The Immortal Life of Henrietta Lacks, Part 1

In Part One of The Immortal Life of Henrietta Lacks, Rebbeca Skloot primarily documents the life of Henrietta. She was born in Roanoke, Virginia in 1920 and grew up working on her family farm. Here, she met her cousin, Day Lacks, whom she would marry in 1941 and parent five children with. By 1942, they had moved to Baltimore so that Day could work in a steel mill and hopefully achieve the American dream. However, the final chapter of Henrietta’s life began when she developed cervical cancer. In January of 1951, she first went to the doctor complaining of a “knot in her womb”; by early October, she passed away in John Hopkins’ colored ward. Yet, as highlighted by Skloot, this would not necessarily be the end of Henrietta herself. During her care at John Hopkins, her cervical cells were unknowingly harvested and found to be “immortal”. Her cells could survive in a culture and be subjected to otherwise inhumane experiments. After her death, her cells, named HeLa cells, were used to study the humane genome, understand the effects of deadly toxins, and to create the polio vaccine. 

While it is undeniable that the HeLa cells were responsible for some of the most critical advancements in medicine, it is also clear that their discovery came through morally dubious actions. As stated on page 63, at the time, the medicine did not prioritize patient autonomy but rather “benevolent deception.” Doctors would withhold medical information so “as to not confuse or upset patients.” Doctors knew best, and that was that. Clearly, this culture of unwarranted paternalism infringed on the desires of patients, including Henrietta. As stated on page 48, it was not made clear to Henrietta that the radium treatment would make her infertile; had she known, she would not have undergone the procedure that led to the discovery of the HeLa cells. While a paternalistic medical culture was common back then, that doesn’t justify the violation of Henrietta’s rights. A patient should always have a certain degree of autonomy and basic knowledge of the treatment they are undergoing; for Henrietta to unknowingly consent to infertility is clear evidence of a violation of that right. To somehow justify the treatment of Henrietta at John Hopkins by saying “at least we made advancements due to HeLa” is irrelevant to the question of whether the cells were morally obtained. What happened to Henrietta was patently wrong, though we have all benefitted from that original sin. Yet, if modern physicians were responsible for Henrietta’s care, I feel many of them would still take a paternalistic approach, especially if they knew the ultimate outcome from HeLa cells. Even with this foresight, I feel there is no way to justify Henrietta’s treatment at John Hopkins and harvesting the HeLa cells.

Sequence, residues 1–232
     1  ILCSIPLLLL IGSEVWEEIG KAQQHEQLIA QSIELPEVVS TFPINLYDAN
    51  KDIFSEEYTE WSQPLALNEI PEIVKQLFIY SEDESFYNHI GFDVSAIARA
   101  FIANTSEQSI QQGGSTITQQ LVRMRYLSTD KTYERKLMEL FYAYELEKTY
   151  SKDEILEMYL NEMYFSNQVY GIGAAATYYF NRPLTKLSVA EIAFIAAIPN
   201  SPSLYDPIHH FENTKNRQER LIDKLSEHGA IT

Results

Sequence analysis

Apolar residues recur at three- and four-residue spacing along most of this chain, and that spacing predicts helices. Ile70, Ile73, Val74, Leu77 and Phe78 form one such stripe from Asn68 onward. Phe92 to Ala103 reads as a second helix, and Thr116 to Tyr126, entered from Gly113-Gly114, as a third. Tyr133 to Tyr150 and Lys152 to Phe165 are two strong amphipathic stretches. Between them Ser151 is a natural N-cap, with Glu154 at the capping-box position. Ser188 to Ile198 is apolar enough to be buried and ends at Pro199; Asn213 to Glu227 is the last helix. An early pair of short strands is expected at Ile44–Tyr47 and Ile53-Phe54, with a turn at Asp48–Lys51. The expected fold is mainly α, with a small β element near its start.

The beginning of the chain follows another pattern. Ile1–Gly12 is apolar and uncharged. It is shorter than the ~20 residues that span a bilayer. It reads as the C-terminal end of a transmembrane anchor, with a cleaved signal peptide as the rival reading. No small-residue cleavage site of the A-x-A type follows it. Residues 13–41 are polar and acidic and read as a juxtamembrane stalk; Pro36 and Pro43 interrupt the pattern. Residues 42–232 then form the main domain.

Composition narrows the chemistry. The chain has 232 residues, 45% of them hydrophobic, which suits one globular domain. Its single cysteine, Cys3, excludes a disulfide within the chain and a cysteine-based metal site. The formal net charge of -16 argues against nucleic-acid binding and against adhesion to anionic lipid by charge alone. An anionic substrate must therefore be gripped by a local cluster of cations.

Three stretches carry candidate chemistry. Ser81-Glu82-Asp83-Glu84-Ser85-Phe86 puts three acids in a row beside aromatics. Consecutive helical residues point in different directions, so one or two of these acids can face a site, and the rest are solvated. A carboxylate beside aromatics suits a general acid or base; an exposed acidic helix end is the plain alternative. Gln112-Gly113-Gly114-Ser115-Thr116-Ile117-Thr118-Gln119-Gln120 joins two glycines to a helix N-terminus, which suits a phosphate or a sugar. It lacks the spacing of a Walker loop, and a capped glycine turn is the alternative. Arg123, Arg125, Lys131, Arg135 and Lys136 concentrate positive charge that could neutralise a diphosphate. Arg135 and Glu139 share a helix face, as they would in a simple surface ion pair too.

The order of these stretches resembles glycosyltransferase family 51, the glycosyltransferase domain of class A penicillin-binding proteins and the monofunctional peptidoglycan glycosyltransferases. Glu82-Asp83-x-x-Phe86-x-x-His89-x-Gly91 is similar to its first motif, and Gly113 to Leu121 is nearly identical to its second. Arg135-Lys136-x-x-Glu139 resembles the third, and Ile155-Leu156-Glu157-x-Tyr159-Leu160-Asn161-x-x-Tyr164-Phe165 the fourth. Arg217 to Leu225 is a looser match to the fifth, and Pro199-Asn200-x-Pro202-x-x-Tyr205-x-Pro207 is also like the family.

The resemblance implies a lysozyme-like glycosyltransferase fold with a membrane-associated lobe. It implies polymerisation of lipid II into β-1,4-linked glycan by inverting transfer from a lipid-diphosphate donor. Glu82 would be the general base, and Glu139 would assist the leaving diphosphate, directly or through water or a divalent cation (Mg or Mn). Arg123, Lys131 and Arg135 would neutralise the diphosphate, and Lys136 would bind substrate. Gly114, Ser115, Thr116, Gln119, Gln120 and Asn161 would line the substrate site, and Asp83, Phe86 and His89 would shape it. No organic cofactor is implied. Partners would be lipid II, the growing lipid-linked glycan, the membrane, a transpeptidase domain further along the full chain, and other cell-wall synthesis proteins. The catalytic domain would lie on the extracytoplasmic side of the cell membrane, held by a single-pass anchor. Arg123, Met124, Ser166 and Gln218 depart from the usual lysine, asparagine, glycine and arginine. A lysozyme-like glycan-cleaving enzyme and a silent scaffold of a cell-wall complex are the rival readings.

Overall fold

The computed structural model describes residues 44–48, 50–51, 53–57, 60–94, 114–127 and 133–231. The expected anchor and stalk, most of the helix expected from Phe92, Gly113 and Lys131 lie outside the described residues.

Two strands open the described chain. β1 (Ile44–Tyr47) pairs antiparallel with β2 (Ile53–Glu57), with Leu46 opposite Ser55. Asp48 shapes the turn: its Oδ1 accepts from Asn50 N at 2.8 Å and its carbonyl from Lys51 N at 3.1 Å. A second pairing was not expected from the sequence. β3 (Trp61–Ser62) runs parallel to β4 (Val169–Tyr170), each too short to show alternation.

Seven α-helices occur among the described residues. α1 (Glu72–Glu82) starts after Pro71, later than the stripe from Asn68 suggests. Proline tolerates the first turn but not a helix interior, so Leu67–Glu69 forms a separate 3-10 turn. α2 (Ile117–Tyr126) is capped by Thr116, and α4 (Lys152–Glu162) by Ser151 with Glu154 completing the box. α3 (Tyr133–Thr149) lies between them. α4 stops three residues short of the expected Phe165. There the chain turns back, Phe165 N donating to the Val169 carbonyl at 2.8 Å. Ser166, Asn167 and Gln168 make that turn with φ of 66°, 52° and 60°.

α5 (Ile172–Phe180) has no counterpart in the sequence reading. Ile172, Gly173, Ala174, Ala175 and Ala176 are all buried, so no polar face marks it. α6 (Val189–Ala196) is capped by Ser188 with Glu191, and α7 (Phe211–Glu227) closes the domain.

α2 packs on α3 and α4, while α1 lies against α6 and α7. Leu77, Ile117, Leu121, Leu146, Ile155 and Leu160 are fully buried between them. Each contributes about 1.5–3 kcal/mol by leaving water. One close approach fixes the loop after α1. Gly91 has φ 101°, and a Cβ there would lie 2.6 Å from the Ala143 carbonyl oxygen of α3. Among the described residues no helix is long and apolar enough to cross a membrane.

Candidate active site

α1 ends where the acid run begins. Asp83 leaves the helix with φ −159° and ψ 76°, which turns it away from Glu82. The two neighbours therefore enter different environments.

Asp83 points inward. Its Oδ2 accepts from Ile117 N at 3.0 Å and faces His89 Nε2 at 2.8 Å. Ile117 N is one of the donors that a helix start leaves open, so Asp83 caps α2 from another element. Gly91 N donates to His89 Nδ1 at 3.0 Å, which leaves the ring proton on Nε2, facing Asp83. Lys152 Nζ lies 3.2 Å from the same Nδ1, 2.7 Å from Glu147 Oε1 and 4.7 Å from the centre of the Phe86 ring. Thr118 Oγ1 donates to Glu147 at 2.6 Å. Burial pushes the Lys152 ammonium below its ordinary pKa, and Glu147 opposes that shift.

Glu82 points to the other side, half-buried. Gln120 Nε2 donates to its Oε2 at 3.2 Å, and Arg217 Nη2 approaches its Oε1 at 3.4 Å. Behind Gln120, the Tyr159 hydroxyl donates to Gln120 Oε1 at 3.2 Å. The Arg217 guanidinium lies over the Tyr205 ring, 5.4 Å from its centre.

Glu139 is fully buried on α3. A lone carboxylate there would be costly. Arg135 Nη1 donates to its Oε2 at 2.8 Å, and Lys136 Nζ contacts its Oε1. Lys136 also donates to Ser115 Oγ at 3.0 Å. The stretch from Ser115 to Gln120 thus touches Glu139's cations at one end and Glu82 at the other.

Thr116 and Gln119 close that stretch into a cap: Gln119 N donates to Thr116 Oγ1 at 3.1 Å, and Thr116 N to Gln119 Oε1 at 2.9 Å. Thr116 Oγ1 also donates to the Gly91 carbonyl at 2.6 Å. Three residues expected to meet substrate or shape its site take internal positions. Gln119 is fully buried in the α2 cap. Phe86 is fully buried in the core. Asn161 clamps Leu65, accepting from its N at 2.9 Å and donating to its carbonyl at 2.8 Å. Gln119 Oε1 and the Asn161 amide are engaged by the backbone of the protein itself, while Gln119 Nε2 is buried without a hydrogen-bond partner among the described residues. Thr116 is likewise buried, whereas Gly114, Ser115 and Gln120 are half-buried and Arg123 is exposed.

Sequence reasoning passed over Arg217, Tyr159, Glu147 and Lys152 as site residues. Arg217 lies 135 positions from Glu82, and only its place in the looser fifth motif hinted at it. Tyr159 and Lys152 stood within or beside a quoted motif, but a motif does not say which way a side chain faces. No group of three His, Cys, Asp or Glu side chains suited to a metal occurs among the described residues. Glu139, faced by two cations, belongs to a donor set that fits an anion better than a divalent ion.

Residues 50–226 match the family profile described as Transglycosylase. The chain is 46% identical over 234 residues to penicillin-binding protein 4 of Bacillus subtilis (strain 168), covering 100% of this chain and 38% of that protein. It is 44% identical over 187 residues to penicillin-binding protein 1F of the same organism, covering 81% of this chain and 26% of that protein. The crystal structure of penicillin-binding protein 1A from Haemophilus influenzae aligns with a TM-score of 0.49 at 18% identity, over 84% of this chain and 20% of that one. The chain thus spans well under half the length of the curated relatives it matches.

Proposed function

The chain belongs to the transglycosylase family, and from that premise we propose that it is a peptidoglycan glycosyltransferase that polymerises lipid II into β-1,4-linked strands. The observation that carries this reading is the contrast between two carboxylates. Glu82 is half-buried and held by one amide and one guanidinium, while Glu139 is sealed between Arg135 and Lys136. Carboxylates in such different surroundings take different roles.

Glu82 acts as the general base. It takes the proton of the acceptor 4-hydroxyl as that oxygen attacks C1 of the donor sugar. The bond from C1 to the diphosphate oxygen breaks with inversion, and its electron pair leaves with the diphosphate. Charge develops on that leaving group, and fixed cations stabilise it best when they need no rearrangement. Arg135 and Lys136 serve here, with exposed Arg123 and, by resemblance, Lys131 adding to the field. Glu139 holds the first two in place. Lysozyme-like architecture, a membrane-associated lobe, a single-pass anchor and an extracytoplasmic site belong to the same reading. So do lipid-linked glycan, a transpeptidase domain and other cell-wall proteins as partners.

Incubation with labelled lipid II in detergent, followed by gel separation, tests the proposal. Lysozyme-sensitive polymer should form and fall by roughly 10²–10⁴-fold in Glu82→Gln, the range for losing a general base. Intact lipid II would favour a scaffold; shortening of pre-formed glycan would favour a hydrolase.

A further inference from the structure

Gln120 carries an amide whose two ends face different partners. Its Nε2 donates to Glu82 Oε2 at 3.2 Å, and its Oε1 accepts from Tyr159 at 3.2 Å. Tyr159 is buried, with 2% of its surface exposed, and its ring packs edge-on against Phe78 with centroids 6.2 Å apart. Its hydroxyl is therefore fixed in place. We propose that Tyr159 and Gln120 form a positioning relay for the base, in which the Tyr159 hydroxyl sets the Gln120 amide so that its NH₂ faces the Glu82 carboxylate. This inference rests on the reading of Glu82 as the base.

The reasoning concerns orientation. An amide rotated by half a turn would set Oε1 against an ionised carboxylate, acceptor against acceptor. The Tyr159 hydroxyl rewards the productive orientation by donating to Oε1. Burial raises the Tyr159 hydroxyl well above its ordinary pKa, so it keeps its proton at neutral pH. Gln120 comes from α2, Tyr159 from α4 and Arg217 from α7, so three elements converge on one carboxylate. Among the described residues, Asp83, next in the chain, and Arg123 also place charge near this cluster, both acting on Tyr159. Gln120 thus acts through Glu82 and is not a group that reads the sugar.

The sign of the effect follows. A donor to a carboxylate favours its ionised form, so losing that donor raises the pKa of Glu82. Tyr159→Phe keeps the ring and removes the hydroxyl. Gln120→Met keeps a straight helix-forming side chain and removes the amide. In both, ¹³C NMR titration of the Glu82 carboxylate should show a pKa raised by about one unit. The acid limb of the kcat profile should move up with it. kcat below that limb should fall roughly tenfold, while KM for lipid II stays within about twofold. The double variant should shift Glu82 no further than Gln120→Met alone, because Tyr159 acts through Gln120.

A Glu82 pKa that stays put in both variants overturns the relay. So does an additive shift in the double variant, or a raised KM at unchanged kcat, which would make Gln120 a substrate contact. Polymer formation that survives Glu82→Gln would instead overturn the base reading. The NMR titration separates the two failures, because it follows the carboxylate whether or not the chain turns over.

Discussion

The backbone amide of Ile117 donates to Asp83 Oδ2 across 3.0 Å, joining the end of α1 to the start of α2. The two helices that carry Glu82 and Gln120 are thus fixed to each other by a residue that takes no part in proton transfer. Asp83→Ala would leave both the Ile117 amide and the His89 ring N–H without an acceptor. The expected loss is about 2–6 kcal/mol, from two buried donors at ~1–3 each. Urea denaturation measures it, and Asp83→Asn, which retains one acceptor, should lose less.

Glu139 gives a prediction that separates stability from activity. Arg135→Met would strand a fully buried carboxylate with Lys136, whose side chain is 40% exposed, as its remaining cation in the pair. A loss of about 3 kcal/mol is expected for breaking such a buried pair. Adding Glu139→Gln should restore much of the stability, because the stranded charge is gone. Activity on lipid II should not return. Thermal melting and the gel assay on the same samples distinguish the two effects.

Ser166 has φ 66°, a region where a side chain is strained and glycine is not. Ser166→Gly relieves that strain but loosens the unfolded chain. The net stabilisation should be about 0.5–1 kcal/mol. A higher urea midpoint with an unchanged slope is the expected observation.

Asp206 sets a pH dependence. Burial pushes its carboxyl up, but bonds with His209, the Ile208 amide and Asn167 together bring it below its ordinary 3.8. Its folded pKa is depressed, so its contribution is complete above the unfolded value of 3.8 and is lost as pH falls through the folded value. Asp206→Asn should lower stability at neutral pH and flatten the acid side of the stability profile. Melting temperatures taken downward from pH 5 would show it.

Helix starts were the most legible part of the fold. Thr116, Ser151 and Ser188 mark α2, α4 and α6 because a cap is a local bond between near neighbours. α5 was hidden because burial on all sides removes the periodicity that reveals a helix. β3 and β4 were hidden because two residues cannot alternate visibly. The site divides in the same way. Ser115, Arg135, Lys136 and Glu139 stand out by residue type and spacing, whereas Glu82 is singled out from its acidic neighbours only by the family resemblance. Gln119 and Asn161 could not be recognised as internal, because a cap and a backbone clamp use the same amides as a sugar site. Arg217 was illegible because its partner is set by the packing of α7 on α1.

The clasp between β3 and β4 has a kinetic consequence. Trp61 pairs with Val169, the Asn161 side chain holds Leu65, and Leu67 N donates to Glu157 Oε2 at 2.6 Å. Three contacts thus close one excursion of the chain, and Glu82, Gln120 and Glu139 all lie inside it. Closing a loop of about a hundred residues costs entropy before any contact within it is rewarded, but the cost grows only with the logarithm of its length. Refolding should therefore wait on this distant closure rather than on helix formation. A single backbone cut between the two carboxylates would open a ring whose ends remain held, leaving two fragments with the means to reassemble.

2 thoughts on “The Immortal Life of Henrietta Lacks, Part 1

  1. Jess Ferguson

    I think your argument about the complete lack of justification for harvesting the HeLa cells is valid. The discoveries that these cells allowed for have been life-saving, but the way that they came about negates the advancements. When Dr. Wharton took Henrietta’s tissue during the surgery, he did so without asking her if she was willing and able to be a donor. Though some could argue that he did not need to ask because she was presented with a consent form, she did not understand the power that her signature gave to the physicians. Henrietta trusted Dr. Wharton to use his training to help her in any and every way possible, but he instead took advantage of her lack of understanding to harvest her cells for Dr. Gey’s lab. This abuse of power allowed for many medical discoveries, but is still a complete violation of patient autonomy. You also suggested that, if this were a modern day situation, physicians would still take the paternalistic approach if they knew about the medical advancements that the HeLa cells would lead to. While I do agree that many physicians would probably argue that the pros outweigh the violation of autonomy, would the more modern medical laws actually allow for this situation to happen again? Is the patient’s right to decide their medical treatment more respected in modern medical practices, or is benevolent deception still the go to strategy? I would like to hope that there are now enough laws that ensure patient protection and consent that violations like these are now reserved for the history books.

  2. Kat Bagger

    J, I’m glad you brought the scenario to a modern age. We look back on history – even recent history such as this- and believe we would not make the same mistakes.Yet, I look at encouters in my personal life and find that I’ve experienced doctors who have grazed over the health consequences of treatments even when involving possibly severe outcomes like infertility.
    I undoubtedly believe that current doctors and scientist would repeat the exact steps from 70 years ago because the true crime that is the basis for this behaviour is taking advantage of an already disadvantaged population. Currently in Atlanta, there are blood banks where anyone (homeless, women, men) can give a pint of blood for about $50. What is that payment an indication of? Surely its not a population of people who are monetarily set. Its a system that takes advantage of people who are most vulnerable to socioeconomic pressures and in Atlanta its a largely black population. People who are thoroughly unaware of where their blood is going, what it’s being used for, and what type of consent they should be concerned about. There is no trade off for exploiting humans for science and Henrietta is a prime example of this.


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